Once upon a time, circa 2000, there were lots of delightful investments in the mining sector. The technology world had sucked up a disproportionate share of investors’ money, and the commodity sector was like the ugly duckling waiting to be discovered. That tempted my contrarian bent.
My favourite play at the time was Richmont Mines (RIC-NYSE MKT/TSX), a gold producer with a squeaky clean balance sheet, a rarity in the industry. The company had both cash in the bank and zero debt and some interesting, highly bankable projects. I dove in at $1.81 and sold the position about two years later at $4.60.
Flip forward to September 2008 and the share price had tipped downwards, again touching the $1.81 level. This seemed rather absurd as the balance sheet had remained pristine, and the other financials attractive. It also appeared that the company’s projects were ripening once again with better times ahead. I dove in, hoping for déjà vu. Ultimately it was better than that as 90% of the stock exited the portfolio from $6.53-$10.29 before the stock price moved even higher to $13.40. Since then the stock price has been badly beaten, currently trading at the $4.50 level.
Once again however investors might be feeling antsy to invest in this enterprise. Though it would be delightful to hit the triumvirate and buy in again at $1.81, it is unlikely that share price will be seen again. Currently there is a relatively new guard in place, anxious to incite an upward move.
First up is President/CEO Paul Carmel, engaged during the summer. One of his specialities is mergers and acquisitions. Richmont has lots of money, over $55 million and it seems plausible that they are hunting for a suitable target. At the same time, it is not out of the question that the company will be the prey, as with their working mines and potential plays in politically stable Canada, another player in the sector could find this outfit to be a tasty morsel. Especially since the stock price has fallen.
A recent addition to the board is Bob Buchan, who was the founder of Kinross Gold (KGX (NYSE-TSX) and served as its CEO until 2004. He is also the executive chairman of Allied Nevada Gold Corp. (ANV-NYSE MKT/TSX) and is on the board of numerous companies. One thing that seems strange, and profligate, is that Richmont took a loan of $10 million from Mr. Buchan when he joined the board and is paying 7.5% interest. Given that RIC had plenty of cash, no debt, and no need for the money, this seems like a royal sum to attract Bob to what might simply be a further corporate involvement. Perhaps he has too many?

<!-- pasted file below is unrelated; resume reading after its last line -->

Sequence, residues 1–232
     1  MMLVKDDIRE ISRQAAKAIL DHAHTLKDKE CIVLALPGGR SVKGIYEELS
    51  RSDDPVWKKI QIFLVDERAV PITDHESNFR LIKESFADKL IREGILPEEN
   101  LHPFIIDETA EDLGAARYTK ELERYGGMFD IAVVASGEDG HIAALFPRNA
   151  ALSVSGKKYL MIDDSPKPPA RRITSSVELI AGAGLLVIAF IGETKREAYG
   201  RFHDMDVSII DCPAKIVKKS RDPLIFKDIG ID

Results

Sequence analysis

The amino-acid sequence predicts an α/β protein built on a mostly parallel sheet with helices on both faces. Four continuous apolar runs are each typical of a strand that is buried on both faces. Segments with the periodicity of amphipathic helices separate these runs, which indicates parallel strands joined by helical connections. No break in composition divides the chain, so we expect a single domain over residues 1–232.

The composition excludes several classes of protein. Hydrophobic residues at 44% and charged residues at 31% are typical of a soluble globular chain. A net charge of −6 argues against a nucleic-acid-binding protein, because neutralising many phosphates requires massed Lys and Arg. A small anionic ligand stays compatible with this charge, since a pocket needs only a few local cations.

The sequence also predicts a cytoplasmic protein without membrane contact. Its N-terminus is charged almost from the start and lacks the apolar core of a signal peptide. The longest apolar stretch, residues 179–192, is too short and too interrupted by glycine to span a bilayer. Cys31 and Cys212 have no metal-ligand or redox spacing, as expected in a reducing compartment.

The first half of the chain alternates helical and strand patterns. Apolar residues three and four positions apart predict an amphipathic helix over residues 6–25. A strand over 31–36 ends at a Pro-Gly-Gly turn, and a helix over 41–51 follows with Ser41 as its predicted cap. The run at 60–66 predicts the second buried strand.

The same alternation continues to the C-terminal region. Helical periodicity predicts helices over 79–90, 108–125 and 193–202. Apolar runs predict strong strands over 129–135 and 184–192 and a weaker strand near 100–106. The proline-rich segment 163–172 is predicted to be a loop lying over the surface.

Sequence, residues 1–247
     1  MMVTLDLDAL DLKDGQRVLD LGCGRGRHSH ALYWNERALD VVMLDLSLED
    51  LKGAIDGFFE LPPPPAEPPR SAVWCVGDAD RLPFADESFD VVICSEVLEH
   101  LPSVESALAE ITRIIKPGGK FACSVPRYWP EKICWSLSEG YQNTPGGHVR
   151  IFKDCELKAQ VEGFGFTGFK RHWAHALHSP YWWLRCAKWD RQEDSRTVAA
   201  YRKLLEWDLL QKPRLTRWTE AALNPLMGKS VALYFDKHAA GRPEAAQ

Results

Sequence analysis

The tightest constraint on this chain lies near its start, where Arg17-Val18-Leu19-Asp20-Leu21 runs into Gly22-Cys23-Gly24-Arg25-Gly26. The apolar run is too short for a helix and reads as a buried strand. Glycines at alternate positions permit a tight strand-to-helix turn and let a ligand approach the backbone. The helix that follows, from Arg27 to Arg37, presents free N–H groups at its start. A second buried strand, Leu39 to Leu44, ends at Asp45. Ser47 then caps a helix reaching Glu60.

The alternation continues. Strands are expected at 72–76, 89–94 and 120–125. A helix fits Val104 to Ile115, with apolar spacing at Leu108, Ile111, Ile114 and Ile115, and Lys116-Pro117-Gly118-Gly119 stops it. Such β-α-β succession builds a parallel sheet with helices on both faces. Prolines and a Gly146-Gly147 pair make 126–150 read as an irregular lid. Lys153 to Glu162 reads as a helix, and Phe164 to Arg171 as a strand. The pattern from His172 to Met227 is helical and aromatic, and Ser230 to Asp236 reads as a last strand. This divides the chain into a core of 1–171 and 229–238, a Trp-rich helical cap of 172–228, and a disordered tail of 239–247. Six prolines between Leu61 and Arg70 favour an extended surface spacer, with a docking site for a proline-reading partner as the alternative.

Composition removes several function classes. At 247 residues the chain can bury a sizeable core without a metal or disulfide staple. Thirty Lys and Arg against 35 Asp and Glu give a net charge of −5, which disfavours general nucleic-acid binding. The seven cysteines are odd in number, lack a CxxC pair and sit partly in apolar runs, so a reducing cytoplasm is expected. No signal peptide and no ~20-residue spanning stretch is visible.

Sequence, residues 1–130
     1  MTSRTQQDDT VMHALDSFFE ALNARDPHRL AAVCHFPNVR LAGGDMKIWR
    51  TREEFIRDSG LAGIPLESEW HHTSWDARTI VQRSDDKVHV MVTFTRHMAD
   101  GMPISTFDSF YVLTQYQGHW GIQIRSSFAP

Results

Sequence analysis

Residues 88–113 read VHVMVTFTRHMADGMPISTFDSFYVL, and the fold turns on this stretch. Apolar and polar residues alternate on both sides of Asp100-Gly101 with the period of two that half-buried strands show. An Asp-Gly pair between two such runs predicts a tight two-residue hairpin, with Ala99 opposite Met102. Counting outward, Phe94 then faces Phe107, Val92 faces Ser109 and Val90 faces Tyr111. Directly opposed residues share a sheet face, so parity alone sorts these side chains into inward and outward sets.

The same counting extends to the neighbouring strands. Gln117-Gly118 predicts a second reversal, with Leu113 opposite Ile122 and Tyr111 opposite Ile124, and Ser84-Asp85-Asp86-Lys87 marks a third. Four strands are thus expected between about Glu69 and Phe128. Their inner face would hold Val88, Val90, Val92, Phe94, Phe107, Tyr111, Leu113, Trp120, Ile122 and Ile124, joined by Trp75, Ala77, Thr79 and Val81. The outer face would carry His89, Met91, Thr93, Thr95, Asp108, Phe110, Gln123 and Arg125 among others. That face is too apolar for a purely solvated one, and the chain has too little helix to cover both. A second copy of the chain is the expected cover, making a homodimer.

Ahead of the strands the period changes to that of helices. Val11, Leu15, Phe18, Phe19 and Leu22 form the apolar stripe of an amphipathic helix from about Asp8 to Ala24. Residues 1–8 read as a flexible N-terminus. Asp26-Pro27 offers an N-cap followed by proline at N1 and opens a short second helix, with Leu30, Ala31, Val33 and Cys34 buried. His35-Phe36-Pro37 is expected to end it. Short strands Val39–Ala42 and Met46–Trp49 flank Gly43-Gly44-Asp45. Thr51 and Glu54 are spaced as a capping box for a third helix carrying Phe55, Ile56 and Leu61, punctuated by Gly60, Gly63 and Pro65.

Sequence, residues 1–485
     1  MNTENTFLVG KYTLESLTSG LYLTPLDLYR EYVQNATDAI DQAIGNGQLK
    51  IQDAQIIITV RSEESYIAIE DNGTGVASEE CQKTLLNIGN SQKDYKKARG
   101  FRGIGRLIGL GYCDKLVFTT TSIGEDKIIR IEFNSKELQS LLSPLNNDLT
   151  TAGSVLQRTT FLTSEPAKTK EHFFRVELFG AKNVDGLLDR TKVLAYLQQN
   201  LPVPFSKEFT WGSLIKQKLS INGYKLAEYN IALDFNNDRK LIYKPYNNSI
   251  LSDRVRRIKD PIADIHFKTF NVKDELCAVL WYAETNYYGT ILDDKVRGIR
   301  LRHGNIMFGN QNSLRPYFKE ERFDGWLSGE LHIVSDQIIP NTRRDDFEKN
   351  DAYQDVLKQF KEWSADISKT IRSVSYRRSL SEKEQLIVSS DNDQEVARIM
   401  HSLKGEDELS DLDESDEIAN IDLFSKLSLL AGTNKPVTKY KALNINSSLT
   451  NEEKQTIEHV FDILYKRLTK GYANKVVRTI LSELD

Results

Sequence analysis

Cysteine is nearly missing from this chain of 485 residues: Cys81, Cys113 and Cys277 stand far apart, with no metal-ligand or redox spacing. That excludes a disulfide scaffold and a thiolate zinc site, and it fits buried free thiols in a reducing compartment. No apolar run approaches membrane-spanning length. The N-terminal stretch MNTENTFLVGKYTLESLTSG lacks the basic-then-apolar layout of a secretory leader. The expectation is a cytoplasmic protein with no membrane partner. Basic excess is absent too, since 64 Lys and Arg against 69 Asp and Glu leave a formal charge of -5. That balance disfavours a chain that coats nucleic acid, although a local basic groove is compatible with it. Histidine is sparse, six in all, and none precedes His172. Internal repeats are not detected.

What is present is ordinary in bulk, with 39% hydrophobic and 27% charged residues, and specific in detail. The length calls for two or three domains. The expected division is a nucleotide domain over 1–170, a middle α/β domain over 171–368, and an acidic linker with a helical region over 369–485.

A primary reason that the stock price was hammered was Richmont took a $33.2 million write-down on the Franceur Mine. That meant the company lost $30.2 million in the most recent quarter. Barring something unexpected, it is likely the company will return to profitability in the not to distant future. This month’s results at the Island Gold Mine should help longer term.
Naturally, RIC is also impacted by the price of gold. While many pundits expect the price of the shiny metal to soar past the $2,000 an ounce level, the trajectory from my viewpoint is less clear. Certainly, it has fallen a distance since moving above $1,900 and with so many countries printing money to circumvent their financial difficulties, the supply of currencies could help gold. Of course, if the global economic situation does not improve with the employment rate rising, people will not have the cash to purchase this asset to either diversify or protect themselves from a financial meltdown.
People looking for a successful investment in the gold sector might examine Richmont. It is quite possible that this enterprise will regain lustre in 2013, if not sooner.
Benj Gallander will make a newsletter presentation on “How Contra has Achieved 15.3 Annualized Returns Over the Past 15 Years” on Saturday, Sept. 22, during the Chicago Hard Assets Investment Conference.